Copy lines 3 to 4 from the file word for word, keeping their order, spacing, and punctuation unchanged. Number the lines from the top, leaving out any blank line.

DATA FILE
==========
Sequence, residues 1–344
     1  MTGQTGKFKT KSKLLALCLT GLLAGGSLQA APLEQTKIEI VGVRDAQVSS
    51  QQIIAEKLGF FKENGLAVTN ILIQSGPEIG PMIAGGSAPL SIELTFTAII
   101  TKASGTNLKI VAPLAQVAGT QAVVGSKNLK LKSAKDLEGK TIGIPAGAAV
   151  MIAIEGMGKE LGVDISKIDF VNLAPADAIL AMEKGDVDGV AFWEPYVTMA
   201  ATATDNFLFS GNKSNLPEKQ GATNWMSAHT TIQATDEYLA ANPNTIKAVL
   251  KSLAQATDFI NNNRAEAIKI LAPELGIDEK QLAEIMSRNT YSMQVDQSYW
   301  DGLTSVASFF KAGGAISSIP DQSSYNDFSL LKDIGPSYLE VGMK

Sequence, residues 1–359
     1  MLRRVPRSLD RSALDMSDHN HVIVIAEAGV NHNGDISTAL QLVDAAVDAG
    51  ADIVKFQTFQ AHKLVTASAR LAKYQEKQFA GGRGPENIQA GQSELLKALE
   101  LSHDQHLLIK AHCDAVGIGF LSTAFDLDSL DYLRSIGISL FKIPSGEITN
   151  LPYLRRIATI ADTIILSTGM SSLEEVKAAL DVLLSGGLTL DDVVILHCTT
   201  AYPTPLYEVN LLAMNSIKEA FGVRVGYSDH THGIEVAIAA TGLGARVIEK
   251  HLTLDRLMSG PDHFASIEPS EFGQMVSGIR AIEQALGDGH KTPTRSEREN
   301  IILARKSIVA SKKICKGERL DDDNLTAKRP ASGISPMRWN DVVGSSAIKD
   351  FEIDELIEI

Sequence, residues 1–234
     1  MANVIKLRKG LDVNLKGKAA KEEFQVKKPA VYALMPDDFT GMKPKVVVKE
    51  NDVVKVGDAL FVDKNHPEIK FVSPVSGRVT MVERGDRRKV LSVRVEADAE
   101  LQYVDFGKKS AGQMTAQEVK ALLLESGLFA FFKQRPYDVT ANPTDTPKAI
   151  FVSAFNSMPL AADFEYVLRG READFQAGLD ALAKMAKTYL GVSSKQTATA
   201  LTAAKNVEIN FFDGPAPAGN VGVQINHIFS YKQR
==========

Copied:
    51  QQIIAEKLGF FKENGLAVTN ILIQSGPEIG PMIAGGSAPL SIELTFTAII
   101  TKASGTNLKI VAPLAQVAGT QAVVGSKNLK LKSAKDLEGK TIGIPAGAAV